The Equality Bill promises the biggest shake up in discrimination law since the 1970s. Its provisions will have serious repercussions for employers, especially with regard to positive discrimination, openness on pay and the extension of age discrimination to the provision of goods, facilities and services. What should employers be most concerned about?
Q Does the Bill permit positive discrimination?
A As the law currently stands, an employer can take limited positive action to address under-representation of a particular group (for example, women) in its workforce. This can take the form of targeted advertising or training, but any subsequent selection must be carried out on merit alone. The Bill proposes that where two candidates for a job are equally qualified, under-representation could be used to decide between them. This proposal would, therefore, extend permissible positive action into what is currently unlawful positive discrimination.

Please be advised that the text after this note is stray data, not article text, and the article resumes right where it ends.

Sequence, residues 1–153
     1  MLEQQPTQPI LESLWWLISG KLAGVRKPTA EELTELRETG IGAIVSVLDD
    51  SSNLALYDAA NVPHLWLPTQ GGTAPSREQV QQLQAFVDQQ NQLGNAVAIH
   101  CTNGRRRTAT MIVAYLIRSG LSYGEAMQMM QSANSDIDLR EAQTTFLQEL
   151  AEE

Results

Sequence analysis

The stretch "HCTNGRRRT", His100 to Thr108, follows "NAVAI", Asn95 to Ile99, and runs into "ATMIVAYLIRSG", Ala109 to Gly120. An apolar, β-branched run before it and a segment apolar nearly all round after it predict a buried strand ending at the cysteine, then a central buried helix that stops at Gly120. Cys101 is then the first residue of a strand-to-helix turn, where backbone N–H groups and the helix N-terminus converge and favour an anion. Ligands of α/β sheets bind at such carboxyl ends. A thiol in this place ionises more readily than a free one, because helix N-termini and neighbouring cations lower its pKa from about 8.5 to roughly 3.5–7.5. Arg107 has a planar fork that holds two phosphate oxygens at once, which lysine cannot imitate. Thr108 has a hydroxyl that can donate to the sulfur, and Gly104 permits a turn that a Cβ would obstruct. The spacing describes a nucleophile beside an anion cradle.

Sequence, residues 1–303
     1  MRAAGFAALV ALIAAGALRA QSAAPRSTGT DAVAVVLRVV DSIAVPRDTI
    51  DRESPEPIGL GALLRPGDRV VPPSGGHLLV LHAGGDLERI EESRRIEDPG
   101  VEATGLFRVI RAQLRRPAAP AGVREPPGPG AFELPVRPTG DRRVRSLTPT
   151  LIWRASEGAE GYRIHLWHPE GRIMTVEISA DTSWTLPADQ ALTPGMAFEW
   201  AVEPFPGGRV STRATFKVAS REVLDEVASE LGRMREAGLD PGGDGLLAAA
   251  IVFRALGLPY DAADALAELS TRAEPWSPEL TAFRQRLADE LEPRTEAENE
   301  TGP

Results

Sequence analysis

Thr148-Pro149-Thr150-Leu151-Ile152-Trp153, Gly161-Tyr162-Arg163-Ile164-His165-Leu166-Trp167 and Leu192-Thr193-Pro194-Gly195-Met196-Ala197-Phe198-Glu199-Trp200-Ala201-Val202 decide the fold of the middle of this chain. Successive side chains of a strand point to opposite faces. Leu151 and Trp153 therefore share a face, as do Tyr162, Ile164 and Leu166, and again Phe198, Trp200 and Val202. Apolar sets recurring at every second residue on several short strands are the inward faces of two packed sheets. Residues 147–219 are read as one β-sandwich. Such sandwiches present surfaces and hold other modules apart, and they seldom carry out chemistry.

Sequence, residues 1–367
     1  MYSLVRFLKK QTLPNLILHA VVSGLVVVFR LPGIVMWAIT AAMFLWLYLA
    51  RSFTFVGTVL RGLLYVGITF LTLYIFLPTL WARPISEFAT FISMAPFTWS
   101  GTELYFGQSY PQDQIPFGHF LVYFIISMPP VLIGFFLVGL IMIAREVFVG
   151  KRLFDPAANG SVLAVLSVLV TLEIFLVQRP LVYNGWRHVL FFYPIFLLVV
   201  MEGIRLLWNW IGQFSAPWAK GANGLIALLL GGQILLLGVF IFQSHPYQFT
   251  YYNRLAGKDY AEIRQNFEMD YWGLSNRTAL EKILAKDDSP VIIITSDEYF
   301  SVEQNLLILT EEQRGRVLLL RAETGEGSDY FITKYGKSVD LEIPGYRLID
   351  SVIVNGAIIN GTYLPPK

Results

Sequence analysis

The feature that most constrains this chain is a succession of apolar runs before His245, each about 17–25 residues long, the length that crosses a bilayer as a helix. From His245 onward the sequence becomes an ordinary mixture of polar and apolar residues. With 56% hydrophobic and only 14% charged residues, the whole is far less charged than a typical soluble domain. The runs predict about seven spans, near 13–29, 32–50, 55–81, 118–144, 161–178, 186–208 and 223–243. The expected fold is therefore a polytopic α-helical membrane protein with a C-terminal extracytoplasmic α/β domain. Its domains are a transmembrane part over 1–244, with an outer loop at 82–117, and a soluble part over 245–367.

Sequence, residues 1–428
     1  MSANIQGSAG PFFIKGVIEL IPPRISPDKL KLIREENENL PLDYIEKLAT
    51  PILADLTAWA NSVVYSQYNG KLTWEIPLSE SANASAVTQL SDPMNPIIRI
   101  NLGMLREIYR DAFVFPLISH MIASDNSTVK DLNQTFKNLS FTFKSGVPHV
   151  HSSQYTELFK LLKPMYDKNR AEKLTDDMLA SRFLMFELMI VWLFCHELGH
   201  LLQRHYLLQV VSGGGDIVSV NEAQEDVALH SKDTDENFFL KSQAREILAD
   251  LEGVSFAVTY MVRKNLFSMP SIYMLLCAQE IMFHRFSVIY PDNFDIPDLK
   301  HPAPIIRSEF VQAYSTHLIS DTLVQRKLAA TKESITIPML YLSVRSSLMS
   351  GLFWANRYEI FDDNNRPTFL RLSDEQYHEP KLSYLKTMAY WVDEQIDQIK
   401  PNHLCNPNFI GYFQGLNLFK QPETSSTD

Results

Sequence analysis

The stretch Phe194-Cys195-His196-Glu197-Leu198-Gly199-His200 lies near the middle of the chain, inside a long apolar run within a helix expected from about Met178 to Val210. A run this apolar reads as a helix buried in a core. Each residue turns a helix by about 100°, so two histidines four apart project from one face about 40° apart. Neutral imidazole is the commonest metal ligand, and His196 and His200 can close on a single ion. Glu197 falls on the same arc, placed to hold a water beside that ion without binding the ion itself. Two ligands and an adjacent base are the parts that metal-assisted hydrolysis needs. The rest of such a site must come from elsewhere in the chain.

Q Does the Bill therefore allow discrimination against white men?
A In most situations it will be groups other than white men that are under-represented in a workforce. In those situations, some white men will potentially lose out if employers adopt positive discrimination. There may, however, be situations where white men are under-represented in a workforce. In those situations under-representation would become a permissible tie-breaker, allowing an employer to select white men on the basis of their race or gender.
Significantly, this proposal shifts the emphasis of discrimination law away from the right of the individual to be treated on merit alone, to one where being a member of a particular group (defined for example, by gender or race) can determine a person's employment opportunities. This is confusing because the ministerial foreword to the White Paper begins: "Everyone has the right to be treated fairly..." The proposal actually means that someone who, through no fault of their own, happens to be in an over-represented group will potentially be treated less favourably simply by membership of that group.
Q Is positive discrimination going to be mandatory?